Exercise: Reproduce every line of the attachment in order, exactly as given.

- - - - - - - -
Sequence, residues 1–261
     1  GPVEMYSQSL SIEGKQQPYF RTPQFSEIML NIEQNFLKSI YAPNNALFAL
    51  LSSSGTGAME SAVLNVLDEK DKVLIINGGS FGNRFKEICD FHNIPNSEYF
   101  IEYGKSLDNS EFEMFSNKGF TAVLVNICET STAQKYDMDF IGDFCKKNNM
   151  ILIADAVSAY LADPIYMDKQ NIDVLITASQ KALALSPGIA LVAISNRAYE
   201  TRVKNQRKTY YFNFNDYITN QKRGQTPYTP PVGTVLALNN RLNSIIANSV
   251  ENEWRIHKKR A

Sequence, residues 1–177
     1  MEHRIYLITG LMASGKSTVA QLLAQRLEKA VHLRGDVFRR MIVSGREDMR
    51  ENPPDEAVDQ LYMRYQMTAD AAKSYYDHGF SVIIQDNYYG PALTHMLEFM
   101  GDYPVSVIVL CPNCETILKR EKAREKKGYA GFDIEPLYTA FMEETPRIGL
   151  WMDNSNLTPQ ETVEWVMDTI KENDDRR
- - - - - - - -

Sequence, residues 1–261
     1  GPVEMYSQSL SIEGKQQPYF RTPQFSEIML NIEQNFLKSI YAPNNALFAL
    51  LSSSGTGAME SAVLNVLDEK DKVLIINGGS FGNRFKEICD FHNIPNSEYF
   101  IEYGKSLDNS EFEMFSNKGF TAVLVNICET STAQKYDMDF IGDFCKKNNM
   151  ILIADAVSAY LADPIYMDKQ NIDVLITASQ KALALSPGIA LVAISNRAYE
   201  TRVKNQRKTY YFNFNDYITN QKRGQTPYTP PVGTVLALNN RLNSIIANSV
   251  ENEWRIHKKR A

Sequence, residues 1–177
     1  MEHRIYLITG LMASGKSTVA QLLAQRLEKA VHLRGDVFRR MIVSGREDMR
    51  ENPPDEAVDQ LYMRYQMTAD AAKSYYDHGF SVIIQDNYYG PALTHMLEFM
   101  GDYPVSVIVL CPNCETILKR EKAREKKGYA GFDIEPLYTA FMEETPRIGL
   151  WMDNSNLTPQ ETVEWVMDTI KENDDRR